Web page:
Wednesday, January 13, 2016

Blue Cats and Eggs

I dreamed that a two-tone blue cat came to live with me. She was a deep dark blue with a large sky-blue patch over her shoulders. My mother was there too, and she said, "Keep her. You won't see another cat like her again."

My mother's name was Alice. I also once had a cat named Alice, so-named by my eldest son when he was five. Alice (the cat) was a cranky tiny tortoiseshell whose language was Teeth. My sons learned her dental vocabulary, and avoided puncture wounds. She lived to 17 years, blind at the end, and no less irritable. We adored her.

She visited me last night too, one dream after the blue cat. Jumped up on my bed, and my only thought was why has it been so long since she's done this? And then the aha! moment: oh, right. She's dead. Nonetheless, we had a sweet sleep-visit, after an 8 year absence.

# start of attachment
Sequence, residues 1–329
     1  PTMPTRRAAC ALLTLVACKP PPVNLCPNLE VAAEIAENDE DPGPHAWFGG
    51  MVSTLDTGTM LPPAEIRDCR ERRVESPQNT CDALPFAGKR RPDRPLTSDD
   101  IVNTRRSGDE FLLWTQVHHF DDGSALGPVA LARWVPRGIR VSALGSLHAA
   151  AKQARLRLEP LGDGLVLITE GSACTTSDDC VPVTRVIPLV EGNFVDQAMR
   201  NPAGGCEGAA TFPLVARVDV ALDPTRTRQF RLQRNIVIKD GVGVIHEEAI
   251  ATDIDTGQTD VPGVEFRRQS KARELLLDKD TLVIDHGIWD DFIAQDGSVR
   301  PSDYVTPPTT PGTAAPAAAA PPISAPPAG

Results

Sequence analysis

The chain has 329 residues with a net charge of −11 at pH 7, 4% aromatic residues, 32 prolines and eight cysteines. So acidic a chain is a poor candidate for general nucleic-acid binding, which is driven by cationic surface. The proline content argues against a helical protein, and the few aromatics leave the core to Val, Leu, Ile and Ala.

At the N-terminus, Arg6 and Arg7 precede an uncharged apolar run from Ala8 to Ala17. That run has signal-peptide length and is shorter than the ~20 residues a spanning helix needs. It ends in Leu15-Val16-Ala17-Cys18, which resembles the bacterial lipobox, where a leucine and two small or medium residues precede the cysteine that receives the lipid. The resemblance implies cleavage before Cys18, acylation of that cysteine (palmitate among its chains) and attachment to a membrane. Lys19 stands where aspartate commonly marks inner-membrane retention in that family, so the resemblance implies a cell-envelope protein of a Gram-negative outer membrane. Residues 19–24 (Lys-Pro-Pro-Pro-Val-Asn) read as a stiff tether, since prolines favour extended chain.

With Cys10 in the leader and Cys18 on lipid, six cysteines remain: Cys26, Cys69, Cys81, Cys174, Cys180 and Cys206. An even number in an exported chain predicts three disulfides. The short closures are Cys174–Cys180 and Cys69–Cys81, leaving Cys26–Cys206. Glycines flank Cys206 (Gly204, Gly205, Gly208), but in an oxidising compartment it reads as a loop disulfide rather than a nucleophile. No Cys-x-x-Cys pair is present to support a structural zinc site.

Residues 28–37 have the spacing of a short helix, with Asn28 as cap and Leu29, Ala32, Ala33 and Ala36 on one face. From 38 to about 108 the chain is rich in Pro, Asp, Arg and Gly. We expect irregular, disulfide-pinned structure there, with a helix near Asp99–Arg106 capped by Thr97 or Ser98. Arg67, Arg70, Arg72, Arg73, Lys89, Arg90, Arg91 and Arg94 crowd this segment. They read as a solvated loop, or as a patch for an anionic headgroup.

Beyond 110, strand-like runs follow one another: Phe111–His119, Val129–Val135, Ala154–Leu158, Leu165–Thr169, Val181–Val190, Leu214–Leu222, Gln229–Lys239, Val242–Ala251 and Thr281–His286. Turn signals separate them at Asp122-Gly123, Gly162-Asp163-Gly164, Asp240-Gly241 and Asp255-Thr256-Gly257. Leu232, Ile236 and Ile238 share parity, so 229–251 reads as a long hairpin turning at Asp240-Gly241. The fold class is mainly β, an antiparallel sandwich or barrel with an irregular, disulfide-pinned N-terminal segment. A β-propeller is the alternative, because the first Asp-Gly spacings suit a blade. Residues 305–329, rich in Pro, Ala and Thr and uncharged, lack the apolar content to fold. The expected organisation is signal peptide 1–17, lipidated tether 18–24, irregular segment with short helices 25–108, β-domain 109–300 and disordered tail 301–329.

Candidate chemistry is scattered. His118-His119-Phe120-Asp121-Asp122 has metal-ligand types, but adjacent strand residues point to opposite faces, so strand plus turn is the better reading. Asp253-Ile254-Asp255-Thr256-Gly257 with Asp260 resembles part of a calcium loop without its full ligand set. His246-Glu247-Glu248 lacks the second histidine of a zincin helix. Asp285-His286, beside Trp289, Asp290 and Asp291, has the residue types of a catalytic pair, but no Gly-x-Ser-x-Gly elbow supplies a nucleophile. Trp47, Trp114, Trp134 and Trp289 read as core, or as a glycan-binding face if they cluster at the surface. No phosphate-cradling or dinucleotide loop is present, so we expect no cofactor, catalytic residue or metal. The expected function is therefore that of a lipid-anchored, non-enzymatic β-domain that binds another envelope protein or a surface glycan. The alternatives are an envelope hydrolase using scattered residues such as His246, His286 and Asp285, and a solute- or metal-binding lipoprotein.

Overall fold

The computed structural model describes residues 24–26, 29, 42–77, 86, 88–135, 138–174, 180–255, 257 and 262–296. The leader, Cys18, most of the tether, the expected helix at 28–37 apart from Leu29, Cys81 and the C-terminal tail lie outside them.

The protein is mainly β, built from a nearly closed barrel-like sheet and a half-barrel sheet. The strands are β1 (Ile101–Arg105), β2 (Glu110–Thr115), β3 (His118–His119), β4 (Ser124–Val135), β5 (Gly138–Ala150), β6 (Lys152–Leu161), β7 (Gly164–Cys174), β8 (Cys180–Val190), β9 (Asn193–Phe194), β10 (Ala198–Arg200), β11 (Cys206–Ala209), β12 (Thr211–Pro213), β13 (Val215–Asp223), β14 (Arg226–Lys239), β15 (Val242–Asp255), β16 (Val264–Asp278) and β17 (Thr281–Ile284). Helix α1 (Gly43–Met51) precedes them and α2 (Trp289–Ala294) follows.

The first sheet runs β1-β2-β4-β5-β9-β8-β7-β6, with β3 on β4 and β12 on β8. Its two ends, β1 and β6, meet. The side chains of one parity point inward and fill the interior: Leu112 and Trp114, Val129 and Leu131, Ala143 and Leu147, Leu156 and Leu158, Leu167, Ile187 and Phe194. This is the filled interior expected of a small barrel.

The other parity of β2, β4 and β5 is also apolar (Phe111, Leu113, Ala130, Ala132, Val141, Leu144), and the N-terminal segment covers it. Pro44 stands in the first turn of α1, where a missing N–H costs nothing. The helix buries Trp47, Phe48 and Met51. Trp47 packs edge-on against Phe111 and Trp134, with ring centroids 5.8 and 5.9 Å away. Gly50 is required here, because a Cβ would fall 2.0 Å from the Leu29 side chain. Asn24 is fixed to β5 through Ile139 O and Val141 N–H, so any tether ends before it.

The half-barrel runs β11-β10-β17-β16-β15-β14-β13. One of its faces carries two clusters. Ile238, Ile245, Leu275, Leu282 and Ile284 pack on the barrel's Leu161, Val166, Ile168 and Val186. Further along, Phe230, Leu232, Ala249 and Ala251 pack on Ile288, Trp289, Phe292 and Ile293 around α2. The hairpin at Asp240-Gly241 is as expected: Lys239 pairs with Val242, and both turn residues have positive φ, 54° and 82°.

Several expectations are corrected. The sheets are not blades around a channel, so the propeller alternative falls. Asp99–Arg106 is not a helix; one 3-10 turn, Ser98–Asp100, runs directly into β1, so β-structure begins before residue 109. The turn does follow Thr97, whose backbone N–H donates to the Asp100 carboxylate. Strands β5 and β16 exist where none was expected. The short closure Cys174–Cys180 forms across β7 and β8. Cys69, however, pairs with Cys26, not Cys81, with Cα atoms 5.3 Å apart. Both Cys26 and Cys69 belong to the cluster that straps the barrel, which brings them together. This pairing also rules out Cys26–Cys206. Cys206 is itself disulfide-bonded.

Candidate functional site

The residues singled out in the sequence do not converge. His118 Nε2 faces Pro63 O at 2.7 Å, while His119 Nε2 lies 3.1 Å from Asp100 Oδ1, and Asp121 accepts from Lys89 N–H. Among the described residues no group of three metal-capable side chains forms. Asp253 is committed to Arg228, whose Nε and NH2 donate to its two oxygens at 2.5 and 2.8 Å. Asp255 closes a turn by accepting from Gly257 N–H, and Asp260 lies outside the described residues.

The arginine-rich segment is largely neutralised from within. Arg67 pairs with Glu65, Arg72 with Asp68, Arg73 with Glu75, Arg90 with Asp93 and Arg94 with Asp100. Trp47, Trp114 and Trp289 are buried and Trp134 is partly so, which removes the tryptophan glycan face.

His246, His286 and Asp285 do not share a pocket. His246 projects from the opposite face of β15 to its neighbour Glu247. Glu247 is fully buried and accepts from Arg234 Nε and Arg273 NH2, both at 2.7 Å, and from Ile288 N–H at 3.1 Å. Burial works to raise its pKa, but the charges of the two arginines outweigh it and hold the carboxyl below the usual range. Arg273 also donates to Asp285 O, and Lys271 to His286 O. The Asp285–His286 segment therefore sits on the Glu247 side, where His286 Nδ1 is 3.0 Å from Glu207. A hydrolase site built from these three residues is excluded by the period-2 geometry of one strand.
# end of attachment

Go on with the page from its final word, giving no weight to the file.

I believe we were meant to dream the winter away, drowsed in hibernal caves, a layer of fat to sustain us. Nights I return home after work, invent a meal, pencil-in a few words of the Sunday NYTimes crossword (it takes me all week). And then what? All I want is sleep.

All this electric interference — LED's and fluorescents and incandescents — all they do is meddle with the melatonin. Somewhere along the way we went wrong. I admit: I even have my hens on a timed light so that their laying continues through the dark months. I'm not altogether comfortable with that, but then again what are they but gallinaceous extensions of our anthropocentric existence? If I live by the glowing filament then, by god, so will they. I thank them for the eggs. 

Saturday, January 9, 2016

Moss Farming

I want to be a moss farmer and I want the farm to be at the end of the road in the second photo, just beyond the line of trees. (The second photo is one of the new pieces to come out of the studio this week, from a photo Melinda took in The Palouse in Eastern Washington. Wheat country. I doubt there's much moss of any kind there.)

This is the song I hear when I look at that landscape.
I will be "The Happy Farmer" (by Robert Schumann), the happy moss farmer: